Values and Preferences: These recommendations are a compromise between the competing goals of providing early appropriate antibiotic coverage and avoiding superfluous treatment that may lead to adverse drug effects, Clostridium difficile infections, antibiotic resistance, and increased cost.

Remarks: Risk factors for antimicrobial resistance are provided in Table 2. The 10%–20% threshold for deciding whether or not to target MRSA and the 10% threshold for deciding whether or not to prescribe 1 antipseudomonal agent or 2 were chosen by the panel with a goal of trying to assure that ≥95% of patient receive empiric therapy active against their likely pathogens; when implementing these recommendations, individual ICUs may elect to modify these thresholds. If patient has structural lung disease increasing the risk of gram-negative infection (ie, bronchiectasis or cystic fibrosis), 2 antipseudomonal agents are recommended.

Table 2.
Risk Factors for Multidrug-Resistant Pathogens
Risk factors for MDR VAP
 
Prior intravenous antibiotic use within 90 d
 
Septic shock at time of VAP
 
ARDS preceding VAP
 
Five or more days of hospitalization prior to the occurrence of VAP
 
Acute renal replacement therapy prior to VAP onset
 
Risk factors for MDR HAP
 
Prior intravenous antibiotic use within 90 d
 
Risk factors for MRSA VAP/HAP
 
Prior intravenous antibiotic use within 90 d
 
Risk factors for MDR Pseudomonas VAP/HAP
 
Prior intravenous antibiotic use within 90 d
 

Abbreviations: ARDS, acute respiratory distress syndrome; HAP, hospital-acquired pneumonia; MDR, multidrug resistant; MRSA, methicillin-resistant Staphylococcus aureus; VAP, ventilator-associated pneumonia.

XI. Should Selection of an Empiric Antibiotic Regimen for HAP (Non-VAP) Be Guided by Local Antibiotic Resistance Data?

Recommendations

  1. We recommend that all hospitals regularly generate and disseminate a local antibiogram, ideally one that is tailored to their HAP population, if possible.
  2. We recommend that empiric antibiotic regimens be based upon the local distribution of pathogens associated with HAP and their antimicrobial susceptibilities.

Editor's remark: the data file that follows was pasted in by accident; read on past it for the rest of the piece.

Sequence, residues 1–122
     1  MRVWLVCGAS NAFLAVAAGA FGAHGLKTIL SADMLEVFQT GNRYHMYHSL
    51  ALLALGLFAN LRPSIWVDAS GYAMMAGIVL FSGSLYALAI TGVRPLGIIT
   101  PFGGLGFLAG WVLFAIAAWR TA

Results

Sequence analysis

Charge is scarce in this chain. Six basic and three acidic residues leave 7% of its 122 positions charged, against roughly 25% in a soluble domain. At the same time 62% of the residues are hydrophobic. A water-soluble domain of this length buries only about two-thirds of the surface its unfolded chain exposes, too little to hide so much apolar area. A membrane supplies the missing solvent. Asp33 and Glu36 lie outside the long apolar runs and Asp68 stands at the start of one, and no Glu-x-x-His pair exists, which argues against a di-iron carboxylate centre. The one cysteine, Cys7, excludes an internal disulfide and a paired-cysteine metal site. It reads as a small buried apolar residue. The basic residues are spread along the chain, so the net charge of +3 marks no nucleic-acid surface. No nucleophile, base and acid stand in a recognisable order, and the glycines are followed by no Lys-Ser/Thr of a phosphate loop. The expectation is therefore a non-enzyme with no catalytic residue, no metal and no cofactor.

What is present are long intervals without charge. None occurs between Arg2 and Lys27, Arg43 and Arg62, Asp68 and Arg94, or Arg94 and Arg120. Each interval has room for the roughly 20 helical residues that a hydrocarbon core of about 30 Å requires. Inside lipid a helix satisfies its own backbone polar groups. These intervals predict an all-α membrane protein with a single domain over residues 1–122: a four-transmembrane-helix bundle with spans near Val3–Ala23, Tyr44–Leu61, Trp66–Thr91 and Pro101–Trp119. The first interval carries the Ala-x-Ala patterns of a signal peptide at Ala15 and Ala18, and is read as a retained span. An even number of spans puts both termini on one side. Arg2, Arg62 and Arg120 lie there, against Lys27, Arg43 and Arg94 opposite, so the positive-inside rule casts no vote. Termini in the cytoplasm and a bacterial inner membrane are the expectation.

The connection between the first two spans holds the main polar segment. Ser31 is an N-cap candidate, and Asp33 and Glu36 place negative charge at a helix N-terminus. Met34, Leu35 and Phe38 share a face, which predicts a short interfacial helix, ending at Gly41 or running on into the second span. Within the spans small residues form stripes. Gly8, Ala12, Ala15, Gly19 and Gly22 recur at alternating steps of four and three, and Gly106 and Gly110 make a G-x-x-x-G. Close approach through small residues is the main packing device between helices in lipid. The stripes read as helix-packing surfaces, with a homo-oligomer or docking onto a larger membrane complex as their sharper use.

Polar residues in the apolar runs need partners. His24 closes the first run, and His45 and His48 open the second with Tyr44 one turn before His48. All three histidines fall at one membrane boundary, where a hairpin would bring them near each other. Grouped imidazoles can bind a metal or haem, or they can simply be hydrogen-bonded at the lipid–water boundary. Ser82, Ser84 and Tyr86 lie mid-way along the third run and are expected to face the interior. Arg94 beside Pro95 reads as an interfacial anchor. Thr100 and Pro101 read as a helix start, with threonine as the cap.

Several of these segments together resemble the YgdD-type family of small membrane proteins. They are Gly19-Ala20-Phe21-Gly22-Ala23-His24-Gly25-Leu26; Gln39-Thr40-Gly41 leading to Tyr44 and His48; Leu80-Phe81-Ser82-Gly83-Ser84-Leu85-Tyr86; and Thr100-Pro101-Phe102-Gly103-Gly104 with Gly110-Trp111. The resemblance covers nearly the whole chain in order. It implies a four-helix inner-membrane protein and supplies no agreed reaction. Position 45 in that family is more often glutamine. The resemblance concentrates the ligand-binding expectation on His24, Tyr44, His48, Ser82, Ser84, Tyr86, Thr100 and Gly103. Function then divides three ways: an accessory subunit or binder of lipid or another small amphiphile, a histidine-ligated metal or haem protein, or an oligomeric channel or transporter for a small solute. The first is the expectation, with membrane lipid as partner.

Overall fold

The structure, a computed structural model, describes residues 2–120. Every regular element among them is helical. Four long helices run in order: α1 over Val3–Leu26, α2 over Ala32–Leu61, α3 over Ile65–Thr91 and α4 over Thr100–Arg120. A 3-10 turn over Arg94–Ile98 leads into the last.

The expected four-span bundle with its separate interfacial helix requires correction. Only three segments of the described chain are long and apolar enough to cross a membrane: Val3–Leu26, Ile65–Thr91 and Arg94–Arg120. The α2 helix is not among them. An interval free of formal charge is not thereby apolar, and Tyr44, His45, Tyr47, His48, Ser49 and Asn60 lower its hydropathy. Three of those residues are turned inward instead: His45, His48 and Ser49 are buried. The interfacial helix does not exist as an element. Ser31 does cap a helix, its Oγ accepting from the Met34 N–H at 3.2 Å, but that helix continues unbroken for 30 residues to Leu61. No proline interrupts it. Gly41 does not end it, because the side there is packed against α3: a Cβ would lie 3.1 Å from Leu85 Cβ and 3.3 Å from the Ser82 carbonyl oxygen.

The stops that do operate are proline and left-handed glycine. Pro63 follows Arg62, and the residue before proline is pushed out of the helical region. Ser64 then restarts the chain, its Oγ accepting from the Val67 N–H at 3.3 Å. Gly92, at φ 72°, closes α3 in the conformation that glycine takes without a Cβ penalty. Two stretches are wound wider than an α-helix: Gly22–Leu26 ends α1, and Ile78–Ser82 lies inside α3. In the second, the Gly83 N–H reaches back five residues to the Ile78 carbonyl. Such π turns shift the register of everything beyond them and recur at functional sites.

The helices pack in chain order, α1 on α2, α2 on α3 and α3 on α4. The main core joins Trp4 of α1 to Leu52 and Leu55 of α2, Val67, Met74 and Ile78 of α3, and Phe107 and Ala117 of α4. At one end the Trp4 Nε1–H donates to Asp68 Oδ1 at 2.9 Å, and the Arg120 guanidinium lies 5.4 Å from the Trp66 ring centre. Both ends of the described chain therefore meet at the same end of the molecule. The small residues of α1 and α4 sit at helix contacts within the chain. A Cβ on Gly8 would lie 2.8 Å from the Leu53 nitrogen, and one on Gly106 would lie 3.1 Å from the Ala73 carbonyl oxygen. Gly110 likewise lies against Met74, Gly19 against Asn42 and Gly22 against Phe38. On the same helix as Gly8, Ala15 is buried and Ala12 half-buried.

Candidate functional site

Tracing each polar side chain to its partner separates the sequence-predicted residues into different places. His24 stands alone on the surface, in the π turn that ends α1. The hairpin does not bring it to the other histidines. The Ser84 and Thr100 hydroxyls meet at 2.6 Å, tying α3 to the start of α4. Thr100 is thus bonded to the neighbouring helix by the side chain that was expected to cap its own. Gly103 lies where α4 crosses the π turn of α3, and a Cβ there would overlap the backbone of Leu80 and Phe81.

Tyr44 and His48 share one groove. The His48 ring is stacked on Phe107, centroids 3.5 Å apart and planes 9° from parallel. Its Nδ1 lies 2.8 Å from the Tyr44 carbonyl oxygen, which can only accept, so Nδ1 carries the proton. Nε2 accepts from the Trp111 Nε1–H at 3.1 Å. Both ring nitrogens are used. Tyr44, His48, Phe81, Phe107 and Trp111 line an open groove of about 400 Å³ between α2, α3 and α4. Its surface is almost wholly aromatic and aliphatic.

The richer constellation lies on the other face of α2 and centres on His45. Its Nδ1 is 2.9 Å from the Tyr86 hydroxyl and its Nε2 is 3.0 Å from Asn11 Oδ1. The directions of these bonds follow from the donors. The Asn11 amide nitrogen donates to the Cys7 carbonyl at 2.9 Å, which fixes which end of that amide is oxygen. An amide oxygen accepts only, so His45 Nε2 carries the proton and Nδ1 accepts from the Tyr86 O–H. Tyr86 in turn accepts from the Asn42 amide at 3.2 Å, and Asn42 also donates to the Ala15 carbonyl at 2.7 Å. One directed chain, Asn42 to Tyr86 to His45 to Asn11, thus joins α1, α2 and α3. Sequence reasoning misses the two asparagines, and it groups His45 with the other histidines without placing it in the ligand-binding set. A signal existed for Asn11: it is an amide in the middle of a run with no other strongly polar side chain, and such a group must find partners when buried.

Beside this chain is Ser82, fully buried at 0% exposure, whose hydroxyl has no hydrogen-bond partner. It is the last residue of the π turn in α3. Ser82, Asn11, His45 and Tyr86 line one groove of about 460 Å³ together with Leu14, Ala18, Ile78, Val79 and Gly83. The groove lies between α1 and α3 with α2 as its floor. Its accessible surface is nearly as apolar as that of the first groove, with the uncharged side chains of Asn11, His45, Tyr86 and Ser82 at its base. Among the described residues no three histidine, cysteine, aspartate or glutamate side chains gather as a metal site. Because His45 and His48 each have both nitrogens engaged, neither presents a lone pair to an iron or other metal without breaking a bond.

Remarks: The frequency with which the distribution of pathogens and their antimicrobial susceptibilities are updated should be determined by the institution. Considerations should include their rate of change, resources, and the amount of data available for analysis.

XII. What Antibiotics Are Recommended for Empiric Treatment of Clinically Suspected HAP (Non-VAP)?

Recommendations (See Table 4 for Specific Antibiotic Recommendations)

  1. For patients being treated empirically for HAP, we recommend prescribing an antibiotic with activity against S. aureus (strong recommendation, very low-quality evidence). (See below for recommendations regarding empiric coverage of MRSA vs MSSA.)

i. For patients with HAP who are being treated empirically and have either a risk factor for MRSA infection (ie, prior intravenous antibiotic use within 90 days, hospitalization in a unit where >20% of S. aureusisolates are methicillin resistant, or the prevalence of MRSA is not known, or who are at high risk for mortality, we suggest prescribing an antibiotic with activity against MRSA (weak recommendation, very low-quality evidence). (Risk factors for mortality include need for ventilatory support due to HAP and septic shock).

ii. For patients with HAP who require empiric coverage for MRSA, we recommend vancomycin or linezolid rather than an alternative antibiotic (strong recommendation, low-quality evidence).

iii. For patients with HAP who are being treated empirically and have no risk factors for MRSA infection and are not at high risk of mortality, we suggest prescribing an antibiotic with activity against MSSA. When empiric treatment that includes coverage for MSSA (and not MRSA) is indicated, we suggest a regimen including piperacillin-tazobactam, cefepime, levofloxacin, imipenem, or meropenem. Oxacillin, nafcillin, or cefazolin are preferred for the treatment of proven MSSA, but are not necessary for empiric coverage of HAP if one of the above agents is used (weak recommendation, very low-quality evidence).

  1. For patients with HAP who are being treated empirically, we recommend prescribing antibiotics with activity against P. aeruginosa and other gram-negative bacilli (strong recommendation, very low-quality evidence).

     

i. For patients with HAP who are being treated empirically and have factors increasing the likelihood for Pseudomonas or other gram-negative infection (ie, prior intravenous antibiotic use within 90 days; also see Remarks) or a high risk for mortality, we suggest prescribing antibiotics from 2 different classes with activity against P. aeruginosa (weak recommendation, very low-quality evidence). (Risk factors for mortality include need for ventilatory support due to HAP and septic shock). All other patients with HAP who are being treated empirically may be prescribed a single antibiotic with activity against P. aeruginosa.

ii. For patients with HAP who are being treated empirically, we recommend not using an aminoglycoside as the sole antipseudomonal agent (strong recommendation, very low-quality evidence).

Values and Preferences: These recommendations are a compromise between the competing goals of providing early appropriate antibiotic coverage and avoiding superfluous treatment that may lead to adverse drug effects, C. difficile infections, antibiotic resistance, and increased cost.